If we confess our sins, he is faithful and just to forgive us our sins and to cleanse us from all unrighteousness.
1 John 1:9
Confession is the heart of the matter when dealing with sin when temptation has overtaken us when our fleshly desires win the momentary battle and we indulge in self-gratification. While John speaks of confessing to God, it is also vitally important to have an accountability partner or group to which we can also confess. Look at James 5:16:
Therefore, confess your sins to one another and pray for one another, that you may be healed. The prayer of a righteous person has great power as it is working.
When someone confesses sin to another person they are immediately presented with an opportunity for prayer. Prayer for strength, repentance, and spiritual healing. Sin damages the sinner, in fact, as we have noted, its ultimate goal is to bring about death. When we are caught in sin we need to confess to each other, confess to God, and ask for repentance to be granted.
Repent, therefore, of this wickedness of yours, and pray to the Lord that, if possible, the intent of your heart may be forgiven you.
I love this passage as it pertains to repentance because it drills down to the very core of the matter at hand; the heart. The misguided desires of the inner man lead us to temptation and temptation to sin. When we repent, we must do more than repent of the outward deed. The lamentation of earthly consequence may be devastating, but sadness over a consequence is not the same as grief for its cause.
Repentance is also more than simply a way to get through the moment. It does allow us to move on in our walk with Christ, but there is far more at stake than just moving along. Our future may actually depend on our repentance. Psalm 51:1 gives great insight into our necessary position before God. David, a man after God’s own heart, is in no position to bargain with God, and neither are we.
He does one thing in this great verse; cries out for mercy. Mercy can only be obtained in our confession and repentance.
Whoever conceals his transgressions will not prosper, but he who confesses and forsakes them will obtain mercy.
The goal of confession and repentance is to not just to buffer the effects of sin, but to eradicate it. We need them blotted out before the eyes of the Lord (Psalm 51, again). When He looks at me I shudder to think all he can see is my sin. I want them gone, washed under the blood of Jesus.
Repent therefore, and turn back, that your sins may be blotted out.
We must repent before we can even worship. I wonder how many of us have tried to worship for years with unconfessed, unrepentant sin, and wonder why our ‘sacfrifices’, our worship, isn’t pleasing to Him?
Go and learn what this means, ‘I desire mercy, and not sacrifice.’ For I came not to call the righteous, but sinners.
When we repent of our sin or turn away from it to go a different way, the Lord will receive us and will not turn us away.
For the Lord your God is gracious and merciful and will not turn away his face from you, if you return to him.
2 Chronicles 30:9b
While the context of 2 Timothy 2:25 is the reproof of an elder, note the language used to discuss how repentance comes from God.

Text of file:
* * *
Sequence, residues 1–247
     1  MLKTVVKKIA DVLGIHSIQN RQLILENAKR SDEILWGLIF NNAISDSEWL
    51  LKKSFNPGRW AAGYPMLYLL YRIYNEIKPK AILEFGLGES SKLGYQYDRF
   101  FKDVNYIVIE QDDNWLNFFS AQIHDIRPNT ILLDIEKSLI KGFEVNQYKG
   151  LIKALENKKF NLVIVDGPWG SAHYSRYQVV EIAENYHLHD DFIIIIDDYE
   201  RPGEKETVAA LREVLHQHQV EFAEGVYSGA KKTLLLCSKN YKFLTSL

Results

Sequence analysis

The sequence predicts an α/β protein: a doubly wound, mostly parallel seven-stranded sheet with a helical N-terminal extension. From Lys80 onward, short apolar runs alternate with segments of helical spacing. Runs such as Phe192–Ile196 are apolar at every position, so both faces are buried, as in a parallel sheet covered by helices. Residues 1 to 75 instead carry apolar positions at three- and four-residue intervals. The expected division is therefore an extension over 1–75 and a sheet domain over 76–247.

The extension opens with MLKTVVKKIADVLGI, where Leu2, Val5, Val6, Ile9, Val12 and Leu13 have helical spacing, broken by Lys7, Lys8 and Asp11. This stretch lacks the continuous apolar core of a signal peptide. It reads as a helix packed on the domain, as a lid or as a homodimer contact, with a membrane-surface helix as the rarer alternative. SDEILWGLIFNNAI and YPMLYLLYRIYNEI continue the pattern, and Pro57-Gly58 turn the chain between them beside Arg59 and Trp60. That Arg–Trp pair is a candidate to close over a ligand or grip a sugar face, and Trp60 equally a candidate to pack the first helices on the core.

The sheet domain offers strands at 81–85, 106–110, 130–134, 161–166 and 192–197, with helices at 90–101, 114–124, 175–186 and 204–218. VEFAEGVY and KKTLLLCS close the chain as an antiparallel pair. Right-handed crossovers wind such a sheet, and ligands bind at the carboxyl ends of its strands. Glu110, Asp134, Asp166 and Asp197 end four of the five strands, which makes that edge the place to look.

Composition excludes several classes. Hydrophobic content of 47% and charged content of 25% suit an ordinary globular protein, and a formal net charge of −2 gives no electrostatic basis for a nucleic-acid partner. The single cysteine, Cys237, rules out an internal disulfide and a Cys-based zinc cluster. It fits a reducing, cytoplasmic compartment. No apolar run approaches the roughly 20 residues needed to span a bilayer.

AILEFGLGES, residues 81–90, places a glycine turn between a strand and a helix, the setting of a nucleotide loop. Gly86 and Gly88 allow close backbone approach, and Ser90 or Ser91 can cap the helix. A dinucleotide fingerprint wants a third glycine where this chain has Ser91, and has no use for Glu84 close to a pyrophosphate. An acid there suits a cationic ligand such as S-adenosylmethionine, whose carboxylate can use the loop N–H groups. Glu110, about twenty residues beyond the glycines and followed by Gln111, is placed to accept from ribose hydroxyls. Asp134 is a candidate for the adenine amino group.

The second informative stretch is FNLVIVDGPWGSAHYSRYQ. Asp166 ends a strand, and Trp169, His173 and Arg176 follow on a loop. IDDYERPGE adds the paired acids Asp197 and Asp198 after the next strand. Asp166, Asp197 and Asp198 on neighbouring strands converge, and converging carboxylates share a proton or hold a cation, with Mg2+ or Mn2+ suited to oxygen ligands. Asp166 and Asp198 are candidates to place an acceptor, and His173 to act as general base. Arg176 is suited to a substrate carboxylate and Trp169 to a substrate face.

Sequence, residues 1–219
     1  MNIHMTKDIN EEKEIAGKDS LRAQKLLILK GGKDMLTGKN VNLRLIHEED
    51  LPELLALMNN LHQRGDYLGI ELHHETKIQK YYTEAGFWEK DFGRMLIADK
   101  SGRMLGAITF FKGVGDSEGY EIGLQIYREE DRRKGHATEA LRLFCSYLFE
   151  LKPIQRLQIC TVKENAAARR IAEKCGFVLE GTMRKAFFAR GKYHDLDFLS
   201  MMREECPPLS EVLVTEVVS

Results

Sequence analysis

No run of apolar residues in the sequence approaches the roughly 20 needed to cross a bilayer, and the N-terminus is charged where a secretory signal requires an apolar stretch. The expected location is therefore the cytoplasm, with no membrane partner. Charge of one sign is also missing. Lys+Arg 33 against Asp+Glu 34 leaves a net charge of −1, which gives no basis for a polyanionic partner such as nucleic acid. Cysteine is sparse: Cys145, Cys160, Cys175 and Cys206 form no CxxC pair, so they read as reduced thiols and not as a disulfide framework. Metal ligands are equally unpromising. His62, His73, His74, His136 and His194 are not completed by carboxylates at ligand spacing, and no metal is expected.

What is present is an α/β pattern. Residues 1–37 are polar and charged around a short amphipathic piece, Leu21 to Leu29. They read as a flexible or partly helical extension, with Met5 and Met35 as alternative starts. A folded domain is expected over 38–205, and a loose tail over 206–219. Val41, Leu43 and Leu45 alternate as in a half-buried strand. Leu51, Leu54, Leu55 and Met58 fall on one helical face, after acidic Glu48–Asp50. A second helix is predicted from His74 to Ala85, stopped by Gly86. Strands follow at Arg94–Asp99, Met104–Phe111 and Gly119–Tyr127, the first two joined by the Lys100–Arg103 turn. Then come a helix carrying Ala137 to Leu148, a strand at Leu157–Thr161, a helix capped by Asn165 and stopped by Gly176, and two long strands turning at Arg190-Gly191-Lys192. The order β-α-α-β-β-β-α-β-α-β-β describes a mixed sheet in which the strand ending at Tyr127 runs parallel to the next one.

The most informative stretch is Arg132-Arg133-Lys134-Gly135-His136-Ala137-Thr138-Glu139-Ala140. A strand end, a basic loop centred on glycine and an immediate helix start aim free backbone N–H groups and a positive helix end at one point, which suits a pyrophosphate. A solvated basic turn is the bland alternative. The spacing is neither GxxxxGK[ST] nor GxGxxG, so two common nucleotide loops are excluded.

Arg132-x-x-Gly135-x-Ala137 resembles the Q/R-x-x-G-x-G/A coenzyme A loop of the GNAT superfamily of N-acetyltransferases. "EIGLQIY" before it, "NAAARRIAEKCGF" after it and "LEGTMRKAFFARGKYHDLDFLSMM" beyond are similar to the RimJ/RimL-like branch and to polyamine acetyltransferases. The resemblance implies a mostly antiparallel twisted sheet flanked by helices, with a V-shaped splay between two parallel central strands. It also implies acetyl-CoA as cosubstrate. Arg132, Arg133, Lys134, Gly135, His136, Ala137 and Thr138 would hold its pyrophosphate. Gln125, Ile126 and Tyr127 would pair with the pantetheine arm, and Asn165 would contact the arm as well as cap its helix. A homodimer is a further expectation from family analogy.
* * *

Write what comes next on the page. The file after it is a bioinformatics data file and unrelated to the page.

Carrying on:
correcting his opponents with gentleness. God may perhaps grant them repentance leading to a knowledge of the truth
2 Timothy 2:25
Repentance, true and real repentance that leads to holiness, is something we need granted to us by God through His Spirit. Our flesh is broken and busted, in need of great repair. The change in desire, the strength to limit our opportunities, and the power to have self-control in the face of temptation must come from God. The same is true for the often gut-wrenching strength to truly repent before a Holy and righteous Father.
Steven J. Cole says in his article about Ongoing Repentance that “[it]takes sin seriously and takes the necessary steps to break from it”. We are prone to sin. Our flesh is weak. All of us. Every last one.
The sin in our lives must die. In our modern enlightened world, we seem to have lost an appreciation for the doctrine of mortification. It is that intentional and purposeful putting to death of the sinful deeds of the fleshly body, empowered by the Spirit of God for the task. It is this empowering that makes it different from simple behavior modification. This Divinely appointed endeavor can only rightly be done as the Spirit gives us the ability.
I started to write, “I don’t know about you, but …” then I stopped. I do know about you. I know about me, and I know about all of humanity. We are prone to sin. Just as the old hymn reminds me, I am “prone to wander, Lord I feel it. Prone to leave the One I love.”
As we see over and over in the Scriptures, the matter of sin and obedience is a matter of life and death. Our temptation is born from the sinful desires of our flesh. Temptation acted upon in a moment of opportunity brings sin, and sin brings death.
When I was a child I loved to read adventure stories. My favorites were the “Choose Your Own Adventure” books. Throughout the book, the reader had choices. You could choose different paths and create different endings. Each time it was like reading a brand new book. Our walk with the Lord is much the same.
Every day we have choices. Choices for life or death. When we find ourselves to have chosen poorly, all is not lost. Not only that, a life characterized by holiness is more than just possible, it is an achievable command. This is the beauty of the Gospel.
1 My little children, I am writing these things to you so that you may not sin. But if anyone does sin, we have an advocate with the Father, Jesus Christ the righteous. 2 He is the propitiation for our sins, and not for ours only but also for the sins of the whole world.
1 John 2:1-2